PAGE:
Geoff and I haven’t been able to get to Brimfield for the last 3 years. We’ve both missed it a lot. But we were able to come this year. Some things have changed (new vendors, more food options, less parking, more 45 supporters) others have stayed the same (bargains if you know where to look, unpredictable weather, good and bad crazy, nice people).
Per usual I documented some of the odder things we encountered. Enjoy.
Continue reading “Brimfield, May 2019 – The Odd, Disturbing, and Weird in Photos”
A lot of Game of Thrones Fans were disappointed when the Battle of Winterfell seemed to be somewhat anticlimactic, particularly since most people felt that the fight between the living and the army of the Dead would be THE BIG BATTLE of this final season of the show.
Well, then last night happened. Season Eight, Episode Five: The Bells.
If there is ANYTHING you can say about last night’s episode with 100% certainty, it is that the episode was decidedly NOT anti-climactic. And it was one of those things that you just couldn’t stop watching. Like the Red Wedding, but orders of magnitude worse.
Continue reading “Game of Thrones and the End of Character Arcs”
This week is the 155th anniversary of the Battle of Spotsylvania Court House, one of the bloodiest and most terrible battles of the Civil War. This particular phase of Grant’s Overland Campaign began on May 7th and lasted until May 19th. The battle is most famous for the Union assaults on a stretch of Confederate fortifications called the Mule Shoe because of its shape, and particularly for the violence that took place in an area known as the Bloody Angle.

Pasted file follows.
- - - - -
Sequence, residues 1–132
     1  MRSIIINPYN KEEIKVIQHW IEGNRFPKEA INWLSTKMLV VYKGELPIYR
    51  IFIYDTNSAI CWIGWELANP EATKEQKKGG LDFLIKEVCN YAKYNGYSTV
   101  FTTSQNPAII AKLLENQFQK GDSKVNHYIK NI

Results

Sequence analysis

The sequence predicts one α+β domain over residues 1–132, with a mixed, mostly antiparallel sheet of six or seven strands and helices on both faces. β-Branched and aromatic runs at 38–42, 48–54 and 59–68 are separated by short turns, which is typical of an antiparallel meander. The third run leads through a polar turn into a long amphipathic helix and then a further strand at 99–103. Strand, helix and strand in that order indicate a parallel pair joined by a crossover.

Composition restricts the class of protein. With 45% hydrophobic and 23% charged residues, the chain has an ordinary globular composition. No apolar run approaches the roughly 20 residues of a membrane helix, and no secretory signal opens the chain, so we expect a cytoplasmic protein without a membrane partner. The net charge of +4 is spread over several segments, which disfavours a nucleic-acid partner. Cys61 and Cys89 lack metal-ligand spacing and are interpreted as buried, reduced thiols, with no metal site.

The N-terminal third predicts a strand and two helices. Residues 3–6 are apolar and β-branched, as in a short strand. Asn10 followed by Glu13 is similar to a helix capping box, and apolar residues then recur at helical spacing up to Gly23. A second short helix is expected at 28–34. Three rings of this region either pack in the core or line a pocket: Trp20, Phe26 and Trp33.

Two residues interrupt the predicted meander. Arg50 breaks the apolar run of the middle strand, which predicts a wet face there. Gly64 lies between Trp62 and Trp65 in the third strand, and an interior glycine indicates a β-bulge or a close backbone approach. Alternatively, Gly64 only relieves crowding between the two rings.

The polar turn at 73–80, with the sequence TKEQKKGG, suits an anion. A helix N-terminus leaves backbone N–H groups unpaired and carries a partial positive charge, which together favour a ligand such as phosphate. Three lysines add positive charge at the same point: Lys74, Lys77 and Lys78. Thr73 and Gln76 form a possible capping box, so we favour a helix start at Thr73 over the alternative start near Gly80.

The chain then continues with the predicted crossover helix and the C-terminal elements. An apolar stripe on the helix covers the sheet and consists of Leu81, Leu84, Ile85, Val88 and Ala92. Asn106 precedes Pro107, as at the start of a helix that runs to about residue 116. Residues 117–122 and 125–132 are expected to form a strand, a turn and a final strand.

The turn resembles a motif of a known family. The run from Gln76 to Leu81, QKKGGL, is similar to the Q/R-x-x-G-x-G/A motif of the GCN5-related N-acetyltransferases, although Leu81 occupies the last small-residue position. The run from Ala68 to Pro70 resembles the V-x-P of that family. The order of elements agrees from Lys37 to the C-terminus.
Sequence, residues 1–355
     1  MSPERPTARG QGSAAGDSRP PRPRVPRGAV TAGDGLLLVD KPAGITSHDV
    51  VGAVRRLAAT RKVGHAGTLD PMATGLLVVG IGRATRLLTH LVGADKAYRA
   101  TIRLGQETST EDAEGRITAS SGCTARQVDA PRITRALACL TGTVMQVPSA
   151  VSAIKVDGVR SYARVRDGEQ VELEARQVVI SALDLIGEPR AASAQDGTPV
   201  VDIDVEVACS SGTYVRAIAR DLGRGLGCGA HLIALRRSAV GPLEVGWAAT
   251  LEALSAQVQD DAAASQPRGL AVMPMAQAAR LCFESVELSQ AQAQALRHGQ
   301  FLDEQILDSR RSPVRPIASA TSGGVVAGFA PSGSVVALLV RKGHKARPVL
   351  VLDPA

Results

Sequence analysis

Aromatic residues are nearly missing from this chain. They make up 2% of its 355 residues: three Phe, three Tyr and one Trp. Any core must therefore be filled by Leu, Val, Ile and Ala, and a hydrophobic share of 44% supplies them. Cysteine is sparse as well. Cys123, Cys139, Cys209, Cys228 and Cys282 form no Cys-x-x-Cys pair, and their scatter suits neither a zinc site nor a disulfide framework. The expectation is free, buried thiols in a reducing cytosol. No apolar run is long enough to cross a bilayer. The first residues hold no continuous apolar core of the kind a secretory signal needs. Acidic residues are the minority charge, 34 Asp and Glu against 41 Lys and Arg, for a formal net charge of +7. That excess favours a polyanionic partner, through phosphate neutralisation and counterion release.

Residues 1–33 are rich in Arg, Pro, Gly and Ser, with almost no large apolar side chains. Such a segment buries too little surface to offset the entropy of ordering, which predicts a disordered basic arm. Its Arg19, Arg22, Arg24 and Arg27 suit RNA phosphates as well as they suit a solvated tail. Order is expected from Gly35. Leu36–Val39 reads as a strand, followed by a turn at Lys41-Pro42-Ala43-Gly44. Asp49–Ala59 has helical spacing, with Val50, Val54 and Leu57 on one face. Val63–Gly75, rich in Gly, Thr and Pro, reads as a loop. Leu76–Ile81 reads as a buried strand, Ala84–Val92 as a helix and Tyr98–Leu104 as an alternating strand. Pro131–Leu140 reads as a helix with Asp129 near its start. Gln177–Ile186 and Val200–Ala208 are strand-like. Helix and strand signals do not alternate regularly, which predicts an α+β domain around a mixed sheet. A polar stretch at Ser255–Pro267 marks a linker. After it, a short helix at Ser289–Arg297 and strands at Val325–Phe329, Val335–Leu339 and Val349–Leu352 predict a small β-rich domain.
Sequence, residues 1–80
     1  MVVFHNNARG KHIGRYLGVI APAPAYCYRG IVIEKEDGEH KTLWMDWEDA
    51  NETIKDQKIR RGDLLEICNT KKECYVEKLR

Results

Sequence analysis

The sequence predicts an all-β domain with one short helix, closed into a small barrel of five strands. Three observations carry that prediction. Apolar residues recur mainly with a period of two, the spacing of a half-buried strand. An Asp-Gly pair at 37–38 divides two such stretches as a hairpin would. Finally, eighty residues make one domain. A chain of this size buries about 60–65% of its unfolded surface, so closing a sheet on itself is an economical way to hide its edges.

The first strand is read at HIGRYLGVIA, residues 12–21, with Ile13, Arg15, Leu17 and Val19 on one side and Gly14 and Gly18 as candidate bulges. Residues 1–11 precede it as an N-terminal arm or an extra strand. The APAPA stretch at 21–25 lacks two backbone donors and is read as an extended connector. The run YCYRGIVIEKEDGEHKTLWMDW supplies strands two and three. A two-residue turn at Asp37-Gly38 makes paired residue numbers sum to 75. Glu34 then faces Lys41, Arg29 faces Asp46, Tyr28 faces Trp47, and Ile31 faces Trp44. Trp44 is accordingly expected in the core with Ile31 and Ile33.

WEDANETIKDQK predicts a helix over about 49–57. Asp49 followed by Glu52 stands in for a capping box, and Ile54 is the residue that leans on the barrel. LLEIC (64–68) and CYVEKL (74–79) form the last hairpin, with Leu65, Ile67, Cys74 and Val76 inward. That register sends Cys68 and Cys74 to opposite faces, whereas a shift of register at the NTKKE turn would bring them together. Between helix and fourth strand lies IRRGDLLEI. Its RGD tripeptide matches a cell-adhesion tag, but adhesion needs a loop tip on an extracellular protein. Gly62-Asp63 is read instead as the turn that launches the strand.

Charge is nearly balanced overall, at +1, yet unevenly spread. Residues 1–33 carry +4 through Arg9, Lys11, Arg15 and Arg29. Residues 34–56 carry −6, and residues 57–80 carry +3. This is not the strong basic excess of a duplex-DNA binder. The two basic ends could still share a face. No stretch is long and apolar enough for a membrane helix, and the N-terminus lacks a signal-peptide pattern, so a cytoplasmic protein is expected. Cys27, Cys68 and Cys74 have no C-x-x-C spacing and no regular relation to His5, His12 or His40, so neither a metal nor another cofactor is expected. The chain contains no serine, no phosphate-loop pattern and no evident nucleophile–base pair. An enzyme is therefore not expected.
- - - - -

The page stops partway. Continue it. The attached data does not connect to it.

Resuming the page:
Continue reading “My Ancestor at the Battle of Spotsylvania”
Today Geoff and I took a trip to South Weymouth, MA to visit Mount Hope Cemetery where his Civil War ancestor, Moses Beaulieu, is buried. Geoff has done a lot of research into Moses Beaulieu and recently discovered a photo of his headstone and rough location in the particular cemetery in South Weymouth.
Continue reading “A Walk Among the Stones”
Today is the anniversary of the death of John Wilkes Booth, the man who murdered President Abraham Lincoln. And it is also the anniversary of the surrender of the last large Confederate army in the field at Bennett Place, North Carolina. I assume that for the latter reason (although I have known at least a few people who argued it was for the former), today is also Confederate Memorial Day in Alabama, the state where I was born.
Continue reading “Some thoughts on Confederate Memorial Day”
The first two episodes of Season 8 have come and gone, and there are only 4 episodes of the show left. It took two years of waiting, but it almost seems like it is going by so fast now that it’s here.
Well. I won’t spend too much time recapping the episode, as I would rather spend time talking about what I think it all means and what will happen next.
Continue reading “GoT S8E2: A Knight of the Seven Kingdoms”
I recently reread a book that I have not read in several years: The Mutiny at Brandy Station: The Last Battle of the Hooker Brigade : a Controversial Army Reorganization, Courts Martial, and the Bloody Days that Followed by Frederick B. Arner. The book follows through events of early 1864 that led to the dissolution of my ancestor’s former unit, the 3rd Corps, and the assignment of his regiment to the 2nd Corps. The author makes a compelling argument that one of the major reasons the former 3rd Corps units suffered so severely in the battles of Grant’s Overland Campaign is because the units’ morale had been shattered by the breaking up of the once-proud and distinguished 3rd Corps.
Continue reading “The “mutiny” in my ancestor’s Civil War regiment”